The state government will conduct an independent review exploring structural changes to Western Australia’s four major universities, but the timing has drawn concern from both students and university management.

Education Minister Tony Buti and Premier Mark McGowan have appointed an independent panel to examine how to improve enrolment numbers, financial stability and research opportunities at Curtin, Murdoch, Edith Cowan and the University of Western Australia.

The review panel will be expected to report later this year on their findings.

But Curtin student guild president Dylan Botica said the “rush-job review” was seeking to fundamentally alter the structure of universities without the voice of students.

“The … review has ignored the existential threat it poses to student unionism. Student guilds play a fundamental role in the higher education sector and to overlook this is a slap in the face to all students,” he said.

“Student guilds are statutory bodies that have been completely unrepresented in the panel membership, while university management is an overwhelming majority.”

Botica said there was the possibility the review could result in the loss of student guilds entirely.

“Any review that has scope to abolish student guilds cannot be conducted with a complete lack of engagement with those bodies,” he said.

The announcement comes amid an overarching review of the higher education sector in Australia, the Universities Accord.

Botica said unlike the state review, the Universities Accord had given guilds the opportunity for consultation and representation.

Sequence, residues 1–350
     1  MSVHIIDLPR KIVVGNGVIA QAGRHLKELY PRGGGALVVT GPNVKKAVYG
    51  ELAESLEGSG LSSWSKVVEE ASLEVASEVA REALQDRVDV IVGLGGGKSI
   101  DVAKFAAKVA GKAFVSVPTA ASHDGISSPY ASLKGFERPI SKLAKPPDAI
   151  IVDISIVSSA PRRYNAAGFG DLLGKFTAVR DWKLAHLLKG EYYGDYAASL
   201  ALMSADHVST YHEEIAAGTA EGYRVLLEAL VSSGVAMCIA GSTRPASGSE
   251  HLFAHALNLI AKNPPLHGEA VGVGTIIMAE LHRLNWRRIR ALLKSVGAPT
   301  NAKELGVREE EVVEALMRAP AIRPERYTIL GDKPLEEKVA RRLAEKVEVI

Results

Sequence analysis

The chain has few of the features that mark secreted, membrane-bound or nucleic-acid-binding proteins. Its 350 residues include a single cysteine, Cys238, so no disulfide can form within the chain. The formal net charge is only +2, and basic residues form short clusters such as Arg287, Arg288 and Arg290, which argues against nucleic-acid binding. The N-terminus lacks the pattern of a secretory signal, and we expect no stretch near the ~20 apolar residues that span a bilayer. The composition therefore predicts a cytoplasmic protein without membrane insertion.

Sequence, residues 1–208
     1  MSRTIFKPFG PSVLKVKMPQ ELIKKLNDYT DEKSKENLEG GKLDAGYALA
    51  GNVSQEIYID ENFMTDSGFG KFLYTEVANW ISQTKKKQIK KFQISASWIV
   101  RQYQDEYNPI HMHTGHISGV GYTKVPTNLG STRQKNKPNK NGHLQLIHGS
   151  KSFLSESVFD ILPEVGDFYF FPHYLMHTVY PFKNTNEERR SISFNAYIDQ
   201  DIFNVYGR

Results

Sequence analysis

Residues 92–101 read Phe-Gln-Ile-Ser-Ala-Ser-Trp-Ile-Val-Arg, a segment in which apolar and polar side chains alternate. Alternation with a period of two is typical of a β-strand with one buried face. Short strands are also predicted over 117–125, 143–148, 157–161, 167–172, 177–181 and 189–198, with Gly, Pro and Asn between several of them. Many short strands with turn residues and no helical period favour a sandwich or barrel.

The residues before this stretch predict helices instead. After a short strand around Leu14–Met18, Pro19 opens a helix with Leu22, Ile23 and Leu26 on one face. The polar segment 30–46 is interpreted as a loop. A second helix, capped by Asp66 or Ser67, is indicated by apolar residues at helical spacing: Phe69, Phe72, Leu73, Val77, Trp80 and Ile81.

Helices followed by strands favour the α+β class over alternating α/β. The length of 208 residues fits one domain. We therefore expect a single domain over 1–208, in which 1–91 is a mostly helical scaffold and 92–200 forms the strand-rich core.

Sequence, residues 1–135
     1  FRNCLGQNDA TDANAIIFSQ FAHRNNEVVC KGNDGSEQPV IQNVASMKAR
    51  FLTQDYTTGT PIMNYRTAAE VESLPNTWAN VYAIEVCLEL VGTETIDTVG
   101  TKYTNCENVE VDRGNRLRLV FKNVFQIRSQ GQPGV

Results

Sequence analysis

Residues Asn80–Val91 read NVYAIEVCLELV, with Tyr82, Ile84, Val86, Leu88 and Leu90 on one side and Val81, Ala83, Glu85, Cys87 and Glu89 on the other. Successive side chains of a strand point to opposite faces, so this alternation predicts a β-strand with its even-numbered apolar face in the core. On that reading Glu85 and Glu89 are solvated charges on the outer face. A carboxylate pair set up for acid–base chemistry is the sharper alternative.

He said embarking on a separate review while the national review was under way would unintentionally cause “more chaos in the already embattled higher education sector”.

Murdoch University Vice Chancellor, Professor Andrew Deeks, said the review was welcomed but also voiced concerns about its timing.

“I am somewhat concerned with the timing of this review, coming as it does on the heels of the release of a discussion paper by the Australian Universities Accord Panel.

“This discussion paper is part of a 12-month review of Australia’s higher education system being conducted by the Australian government aiming to deliver an Australian Universities Accord that could significantly change the way our universities are funded.

“Personally, I would prefer that the Australian Universities Accord process was completed before this review began.”

But Deeks was overall supportive of the state review.

“Each university plays an important role in our higher education ecosystem and has its own strengths,” he said.

“This review is an opportunity to capture and consolidate the unique role each university plays and to enhance the productive cooperation that already exists between our universities.”

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